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Experiences of docetaxel?

User
Posted 03 Dec 2019 at 17:21

I’ve signed up for early docetaxel (6 cycles over 18 weeks) which sounds like great fun, starting next week, just in time for Christmas (unless I change my mind at the last minute!)

I’d be interested to learn of others’ experiences of this.

For example, does it mean avoiding meetings and train travel while white cell counts are low? Is it exhausting? 

I’m beginning to wonder whether I’m really fit enough to have it, how long the side effects last and whether my overall quality of life would be better if I just skipped it and went ahead with radiotherapy in the new year.

i’m quite involved with running some small charities and wouldn’t want those activities to be too compromised.

 

User
Posted 03 Dec 2019 at 17:42

To be honest, I didn't find the side effects too drastic. I tried to avoid enclosed areas with lots of people on days 4 to 14 of the cycle. No one can make that decision for you though. Personally, I would hit it with everything possible 🔨 

Good luck to everyone coping with the insidious big C

User
Posted 03 Dec 2019 at 23:22

My OH has just had his second cycle of Docetaxel which started about 8 weeks after initial diagnosis with advanced PCa.
Mostly he has been feeling OK. Not had to take the anti emetic tablets. A bit tired but hip pain has improved since treatment began, so been busy gardening. Some funny taste in the mouth but appetite fine. Occasionally seems to have a little difficulty swallowing so just eats a little slower than before. The strong steroids on the day of the treatment and preceding day seem to bring on a bit of flushing but nothing bothersome.

Here comes the but...

on day 8 after the first cycle he woke up v early and retched over the toilet bowl but no vomit. Had some crampy pain in his legs so took one antiemetic, some paracetamol had a cup of tea and went back to sleep. Temperature when he woke up was normal, so we thought he was ok. Seemed a bit tired but not unwell for the rest of the day. But late afternoon he emerged from the study shivering and shaking. His temperature at first seemed low. By the time I’d checked the guidance and spotted that a low temperature could be a reason to ring in he’d taken it again and it was OK. Lit the fire, made a cuppa , he seemed better. I had to persuade him to ring anyhow...on account of the shivering. Temperature still not above 37.5. But during the call he was asked to take it again and keep the thermometer under tongue for what seemed like ages. 38.5. So advised to come straight in and bring an overnight bag. By the time we got there he was unsteady on his feet and temperature was 39.8.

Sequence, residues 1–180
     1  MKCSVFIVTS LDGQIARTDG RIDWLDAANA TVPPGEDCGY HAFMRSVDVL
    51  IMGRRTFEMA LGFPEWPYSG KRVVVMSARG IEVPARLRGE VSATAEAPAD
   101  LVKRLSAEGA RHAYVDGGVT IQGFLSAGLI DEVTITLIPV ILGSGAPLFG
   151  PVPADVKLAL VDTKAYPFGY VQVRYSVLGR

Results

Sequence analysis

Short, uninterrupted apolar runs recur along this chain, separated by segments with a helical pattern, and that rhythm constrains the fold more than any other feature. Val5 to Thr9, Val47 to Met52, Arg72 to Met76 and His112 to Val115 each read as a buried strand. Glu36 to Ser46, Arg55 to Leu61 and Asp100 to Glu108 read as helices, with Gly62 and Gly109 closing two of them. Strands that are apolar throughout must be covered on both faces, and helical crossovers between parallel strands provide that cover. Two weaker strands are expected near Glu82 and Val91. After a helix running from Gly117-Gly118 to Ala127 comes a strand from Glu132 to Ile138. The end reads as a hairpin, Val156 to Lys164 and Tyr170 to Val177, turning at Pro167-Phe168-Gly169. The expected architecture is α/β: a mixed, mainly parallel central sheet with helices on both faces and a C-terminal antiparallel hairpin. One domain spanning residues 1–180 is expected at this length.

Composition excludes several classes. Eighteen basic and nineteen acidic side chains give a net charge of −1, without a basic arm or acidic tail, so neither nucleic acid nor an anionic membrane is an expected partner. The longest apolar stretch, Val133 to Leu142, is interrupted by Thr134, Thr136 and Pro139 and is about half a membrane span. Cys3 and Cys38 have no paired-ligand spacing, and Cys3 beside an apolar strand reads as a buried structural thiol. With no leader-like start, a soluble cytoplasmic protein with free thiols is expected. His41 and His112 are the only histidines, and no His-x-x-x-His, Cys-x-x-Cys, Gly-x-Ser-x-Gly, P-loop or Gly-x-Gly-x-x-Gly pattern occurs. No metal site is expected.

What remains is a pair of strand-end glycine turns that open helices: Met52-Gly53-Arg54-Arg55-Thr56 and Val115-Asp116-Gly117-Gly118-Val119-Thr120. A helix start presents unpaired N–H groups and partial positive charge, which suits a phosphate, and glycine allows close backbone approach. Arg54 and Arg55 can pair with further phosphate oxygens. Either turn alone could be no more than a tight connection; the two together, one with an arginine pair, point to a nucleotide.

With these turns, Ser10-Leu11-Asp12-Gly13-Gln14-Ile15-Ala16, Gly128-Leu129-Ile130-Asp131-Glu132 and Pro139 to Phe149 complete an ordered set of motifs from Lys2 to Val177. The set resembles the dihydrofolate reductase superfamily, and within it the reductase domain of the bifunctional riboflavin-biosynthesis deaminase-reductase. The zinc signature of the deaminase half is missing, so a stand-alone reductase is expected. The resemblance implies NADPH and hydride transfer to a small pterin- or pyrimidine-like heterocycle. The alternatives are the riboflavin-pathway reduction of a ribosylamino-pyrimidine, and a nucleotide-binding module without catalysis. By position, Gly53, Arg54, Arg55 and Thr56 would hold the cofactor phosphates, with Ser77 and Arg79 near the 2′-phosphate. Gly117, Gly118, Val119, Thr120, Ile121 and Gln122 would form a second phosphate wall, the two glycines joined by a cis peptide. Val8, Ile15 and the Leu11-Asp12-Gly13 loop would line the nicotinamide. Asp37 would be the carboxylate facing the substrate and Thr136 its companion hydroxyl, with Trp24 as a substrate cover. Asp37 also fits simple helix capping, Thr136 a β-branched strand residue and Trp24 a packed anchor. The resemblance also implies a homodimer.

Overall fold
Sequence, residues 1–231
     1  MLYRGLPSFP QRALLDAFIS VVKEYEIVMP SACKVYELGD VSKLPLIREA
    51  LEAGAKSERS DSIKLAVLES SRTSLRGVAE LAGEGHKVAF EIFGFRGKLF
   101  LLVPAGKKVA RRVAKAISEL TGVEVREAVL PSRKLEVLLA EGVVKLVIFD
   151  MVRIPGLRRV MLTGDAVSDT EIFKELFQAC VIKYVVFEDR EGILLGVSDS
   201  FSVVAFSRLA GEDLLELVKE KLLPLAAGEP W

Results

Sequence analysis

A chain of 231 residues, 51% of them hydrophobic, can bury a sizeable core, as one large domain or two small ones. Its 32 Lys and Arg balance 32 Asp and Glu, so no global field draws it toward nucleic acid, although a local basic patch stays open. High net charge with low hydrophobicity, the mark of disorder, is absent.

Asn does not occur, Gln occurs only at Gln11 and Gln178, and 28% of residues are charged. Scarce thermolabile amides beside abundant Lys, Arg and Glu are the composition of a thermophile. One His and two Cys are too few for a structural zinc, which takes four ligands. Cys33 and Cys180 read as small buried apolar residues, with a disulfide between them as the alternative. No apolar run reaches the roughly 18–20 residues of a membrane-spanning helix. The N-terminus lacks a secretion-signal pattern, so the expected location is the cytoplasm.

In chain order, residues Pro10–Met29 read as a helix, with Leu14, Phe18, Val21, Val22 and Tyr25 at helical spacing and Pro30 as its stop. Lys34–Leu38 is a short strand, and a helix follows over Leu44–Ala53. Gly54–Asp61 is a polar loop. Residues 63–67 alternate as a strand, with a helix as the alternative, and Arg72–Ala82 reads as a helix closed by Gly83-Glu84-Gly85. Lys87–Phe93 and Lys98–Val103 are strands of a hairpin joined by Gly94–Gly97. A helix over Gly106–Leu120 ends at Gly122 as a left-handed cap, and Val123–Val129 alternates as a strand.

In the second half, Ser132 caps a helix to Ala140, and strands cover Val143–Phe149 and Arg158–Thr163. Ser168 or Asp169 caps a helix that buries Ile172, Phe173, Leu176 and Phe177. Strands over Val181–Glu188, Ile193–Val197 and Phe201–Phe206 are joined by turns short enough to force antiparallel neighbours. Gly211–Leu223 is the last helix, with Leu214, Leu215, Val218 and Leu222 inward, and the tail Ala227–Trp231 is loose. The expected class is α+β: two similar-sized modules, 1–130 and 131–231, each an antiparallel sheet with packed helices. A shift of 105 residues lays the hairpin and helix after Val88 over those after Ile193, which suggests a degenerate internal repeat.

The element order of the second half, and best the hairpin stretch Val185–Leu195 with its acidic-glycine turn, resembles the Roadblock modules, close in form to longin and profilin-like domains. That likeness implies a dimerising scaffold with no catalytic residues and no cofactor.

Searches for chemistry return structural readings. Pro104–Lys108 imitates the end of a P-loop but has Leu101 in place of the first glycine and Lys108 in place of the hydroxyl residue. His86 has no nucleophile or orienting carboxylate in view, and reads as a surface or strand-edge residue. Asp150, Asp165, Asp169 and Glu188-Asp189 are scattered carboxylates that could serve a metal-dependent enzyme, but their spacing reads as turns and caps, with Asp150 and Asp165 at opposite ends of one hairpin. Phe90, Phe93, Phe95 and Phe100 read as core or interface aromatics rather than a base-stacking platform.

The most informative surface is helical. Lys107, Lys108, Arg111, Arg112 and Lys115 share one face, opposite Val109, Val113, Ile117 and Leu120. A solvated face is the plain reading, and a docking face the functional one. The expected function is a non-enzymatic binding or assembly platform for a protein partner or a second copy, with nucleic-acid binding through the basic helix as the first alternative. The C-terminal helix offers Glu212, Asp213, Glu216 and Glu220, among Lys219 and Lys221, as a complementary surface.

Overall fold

He was in hospital for 4 days with neutrophenic sepsis. Neutrophils had gone down to zero, which was clearly quite a surprise to the nursing staff. But IV antibiotics and paracetamol worked wonders. Kept in till neutrophils crept up to 1.2. A week later they had recovered to 7.5.

So my advice would be..go for the Docetaxel. The side effects may well be quite bearable. But at the nadir phase for your immune system..about a week to 10 days after treatment I believe..DO NOT mess about if you feel unwell. You could have an infection and that could be life threatening. Ring for advice, don’t hesitate and don’t rely too heavily on your temperature readings. 
We will be staying away from people around the mid cycle stage if we can manage that. Going out for a meal can wait for a few days.

The idea for us was to combine the early chemo with hormone therapy but it now appears the Prostap isn’t doing what we hoped. PSA having fallen from 645 to 400 to 196 has climbed back up to 600. Bugger.

User
Posted 03 Dec 2019 at 23:46

My father in law sailed through it at the age of 79 - his main gripe was that his wife wouldn't allow him to go to the pub on days 5-8 in case of infection. Others here have worked full time throughout chemo. But as said above, invest in a thermometer and monitor your temperature carefully ... any signs of infection must be checked out immediately. Also, slice up fresh pineapple and freeze it to suck on during infusions - it helps protect your taste buds from chemo damage and also reduces the severity of mouth ulcers.

PS don't have pineapple without checking with your doctor if you have heart problems.

Edited by member 04 Dec 2019 at 00:45  | Reason: Not specified

"Life can only be understood backwards; but it must be lived forwards." Soren Kierkegaard

User
Posted 10 Dec 2019 at 22:46